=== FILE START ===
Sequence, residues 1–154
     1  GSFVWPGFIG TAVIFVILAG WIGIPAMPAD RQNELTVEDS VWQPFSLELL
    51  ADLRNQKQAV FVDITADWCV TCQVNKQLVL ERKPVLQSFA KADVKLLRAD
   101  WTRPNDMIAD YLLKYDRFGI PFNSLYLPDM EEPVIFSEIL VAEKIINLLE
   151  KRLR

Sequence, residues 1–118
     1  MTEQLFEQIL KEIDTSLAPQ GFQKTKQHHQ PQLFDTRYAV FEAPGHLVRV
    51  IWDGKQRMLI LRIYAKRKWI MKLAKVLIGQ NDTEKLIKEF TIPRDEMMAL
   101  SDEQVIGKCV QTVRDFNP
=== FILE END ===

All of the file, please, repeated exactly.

Sequence, residues 1–154
     1  GSFVWPGFIG TAVIFVILAG WIGIPAMPAD RQNELTVEDS VWQPFSLELL
    51  ADLRNQKQAV FVDITADWCV TCQVNKQLVL ERKPVLQSFA KADVKLLRAD
   101  WTRPNDMIAD YLLKYDRFGI PFNSLYLPDM EEPVIFSEIL VAEKIINLLE
   151  KRLR

Sequence, residues 1–118
     1  MTEQLFEQIL KEIDTSLAPQ GFQKTKQHHQ PQLFDTRYAV FEAPGHLVRV
    51  IWDGKQRMLI LRIYAKRKWI MKLAKVLIGQ NDTEKLIKEF TIPRDEMMAL
   101  SDEQVIGKCV QTVRDFNP